Recovery of strain-resolved genomes from human microbiome through an integration framework of single-cell genomics and metagenomics

Koji Arikawa, Keigo Ide, Masato Kogawa, Tatsuya Saeki, Takuya Yoda, Taruho Endoh, Ayumi Matsuhashi, Haruko Takeyama, Masahito Hosokawa*

*Corresponding author for this work

Research output: Contribution to journalArticlepeer-review

6 Citations (Scopus)

Abstract

Background: Obtaining high-quality (HQ) reference genomes from microbial communities is crucial for understanding the phylogeny and function of uncultured microbes in complex microbial ecosystems. Despite improvements in bioinformatic approaches to generate curated metagenome-assembled genomes (MAGs), existing metagenome binners obtain population consensus genomes but they are nowhere comparable to genomes sequenced from isolates in terms of strain level resolution. Here, we present a framework for the integration of single-cell genomics and metagenomics, referred to as single-cell (sc) metagenomics, to reconstruct strain-resolved genomes from microbial communities at once. Results: Our sc-metagenomics integration framework, termed SMAGLinker, uses single-cell amplified genomes (SAGs) generated using microfluidic technology as binning guides and integrates them with metagenome-assembled genomes (MAGs) to recover improved draft genomes. We compared sc-metagenomics with the metagenomics-alone approach using conventional metagenome binners. The sc-metagenomics approach showed precise contig binning and higher recovery rates (>97%) of rRNA and plasmids than conventional metagenomics in genome reconstruction from the cell mock community. In human microbiota samples, sc-metagenomics recovered the largest number of genomes with a total of 103 gut microbial genomes (21 HQ, with 65 showing >90% completeness) and 45 skin microbial genomes (10 HQ, with 40 showing >90% completeness), respectively. Conventional metagenomics recovered one Staphylococcus hominis genome, whereas sc-metagenomics recovered two S. hominis genomes from identical skin microbiota sample. Single-cell sequencing revealed that these S. hominis genomes were derived from two distinct strains harboring specifically different plasmids. We found that all conventional S. hominis MAGs had a substantial lack or excess of genome sequences and contamination from other Staphylococcus species (S. epidermidis). Conclusions: SMAGLinker enabled us to obtain strain-resolved genomes in the mock community and human microbiota samples by assigning metagenomic sequences correctly and covering both highly conserved genes such as rRNA genes and unique extrachromosomal elements, including plasmids. SMAGLinker will provide HQ genomes that are difficult to obtain using metagenomics alone and will facilitate the understanding of microbial ecosystems by elucidating detailed metabolic pathways and horizontal gene transfer networks. SMAGLinker is available at https://github.com/kojiari/smaglinker. [MediaObject not available: see fulltext.].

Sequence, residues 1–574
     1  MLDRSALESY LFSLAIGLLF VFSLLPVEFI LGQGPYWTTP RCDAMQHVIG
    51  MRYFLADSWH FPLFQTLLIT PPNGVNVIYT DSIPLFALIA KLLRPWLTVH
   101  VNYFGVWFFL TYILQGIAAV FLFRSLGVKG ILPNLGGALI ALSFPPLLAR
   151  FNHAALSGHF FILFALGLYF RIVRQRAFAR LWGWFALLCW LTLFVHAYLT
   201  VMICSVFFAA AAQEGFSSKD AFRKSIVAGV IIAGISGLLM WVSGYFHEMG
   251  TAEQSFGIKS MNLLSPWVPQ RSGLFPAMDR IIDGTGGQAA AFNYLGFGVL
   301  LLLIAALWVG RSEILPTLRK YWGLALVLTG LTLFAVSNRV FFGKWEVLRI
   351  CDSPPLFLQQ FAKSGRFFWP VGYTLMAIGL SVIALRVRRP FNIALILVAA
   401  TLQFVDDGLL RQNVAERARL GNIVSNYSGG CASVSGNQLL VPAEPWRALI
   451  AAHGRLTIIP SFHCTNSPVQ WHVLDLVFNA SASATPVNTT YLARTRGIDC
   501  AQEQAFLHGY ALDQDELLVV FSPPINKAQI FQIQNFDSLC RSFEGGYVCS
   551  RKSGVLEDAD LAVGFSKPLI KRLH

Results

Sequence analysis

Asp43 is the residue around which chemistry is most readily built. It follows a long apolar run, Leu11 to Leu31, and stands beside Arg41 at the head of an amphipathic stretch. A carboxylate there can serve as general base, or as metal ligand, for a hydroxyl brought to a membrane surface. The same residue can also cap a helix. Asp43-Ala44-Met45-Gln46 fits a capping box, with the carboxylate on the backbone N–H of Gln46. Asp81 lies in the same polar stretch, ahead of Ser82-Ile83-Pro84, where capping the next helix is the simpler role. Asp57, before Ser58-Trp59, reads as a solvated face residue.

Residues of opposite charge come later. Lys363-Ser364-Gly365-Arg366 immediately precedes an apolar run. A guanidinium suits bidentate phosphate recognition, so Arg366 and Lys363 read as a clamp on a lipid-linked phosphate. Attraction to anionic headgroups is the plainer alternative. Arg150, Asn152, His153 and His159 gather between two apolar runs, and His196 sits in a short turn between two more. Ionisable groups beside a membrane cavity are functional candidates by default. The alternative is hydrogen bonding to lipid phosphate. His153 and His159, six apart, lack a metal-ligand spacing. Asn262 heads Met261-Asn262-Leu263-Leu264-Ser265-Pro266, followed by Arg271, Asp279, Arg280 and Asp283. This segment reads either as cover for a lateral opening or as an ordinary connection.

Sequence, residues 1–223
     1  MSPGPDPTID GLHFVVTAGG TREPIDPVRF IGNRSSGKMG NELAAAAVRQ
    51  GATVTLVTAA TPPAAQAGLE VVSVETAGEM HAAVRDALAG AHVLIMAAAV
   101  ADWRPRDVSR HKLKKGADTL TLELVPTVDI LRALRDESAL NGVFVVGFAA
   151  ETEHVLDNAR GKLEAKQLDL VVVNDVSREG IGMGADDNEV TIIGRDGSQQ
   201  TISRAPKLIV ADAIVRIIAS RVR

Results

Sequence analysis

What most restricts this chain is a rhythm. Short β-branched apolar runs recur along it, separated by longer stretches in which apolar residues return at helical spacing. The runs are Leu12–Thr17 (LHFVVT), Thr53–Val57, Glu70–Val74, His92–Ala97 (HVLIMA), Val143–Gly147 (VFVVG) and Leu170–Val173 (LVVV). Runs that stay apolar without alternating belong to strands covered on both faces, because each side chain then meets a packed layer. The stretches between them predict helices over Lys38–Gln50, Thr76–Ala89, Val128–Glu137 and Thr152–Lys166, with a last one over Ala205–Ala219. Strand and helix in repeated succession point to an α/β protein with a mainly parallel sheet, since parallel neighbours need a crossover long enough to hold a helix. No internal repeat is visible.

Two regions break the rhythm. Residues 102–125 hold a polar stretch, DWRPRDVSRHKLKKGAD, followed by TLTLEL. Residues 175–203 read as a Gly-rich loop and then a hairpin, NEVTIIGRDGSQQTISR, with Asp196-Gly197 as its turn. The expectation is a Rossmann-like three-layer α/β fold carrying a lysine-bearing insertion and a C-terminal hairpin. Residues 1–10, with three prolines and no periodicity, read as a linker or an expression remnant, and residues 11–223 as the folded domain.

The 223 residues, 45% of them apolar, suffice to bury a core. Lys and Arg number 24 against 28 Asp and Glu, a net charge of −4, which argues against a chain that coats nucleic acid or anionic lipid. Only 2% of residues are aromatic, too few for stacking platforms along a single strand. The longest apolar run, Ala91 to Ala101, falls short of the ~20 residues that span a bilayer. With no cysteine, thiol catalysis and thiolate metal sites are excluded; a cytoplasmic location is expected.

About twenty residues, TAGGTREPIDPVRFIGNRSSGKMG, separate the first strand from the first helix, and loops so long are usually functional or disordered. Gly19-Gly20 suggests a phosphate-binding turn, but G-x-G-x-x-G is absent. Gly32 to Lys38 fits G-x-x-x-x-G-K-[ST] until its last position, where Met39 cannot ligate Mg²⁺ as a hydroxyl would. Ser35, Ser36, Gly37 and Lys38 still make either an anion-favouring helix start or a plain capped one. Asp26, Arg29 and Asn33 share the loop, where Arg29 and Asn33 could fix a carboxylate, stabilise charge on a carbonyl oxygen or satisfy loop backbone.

Original languageEnglish
Article number202
JournalMicrobiome
Volume9
Issue number1
DOIs
Publication statusPublished - 2021 Dec

Keywords

  • Binning
  • Metagenomics
  • Single-cell genomics
  • Software

ASJC Scopus subject areas

  • Microbiology
  • Microbiology (medical)

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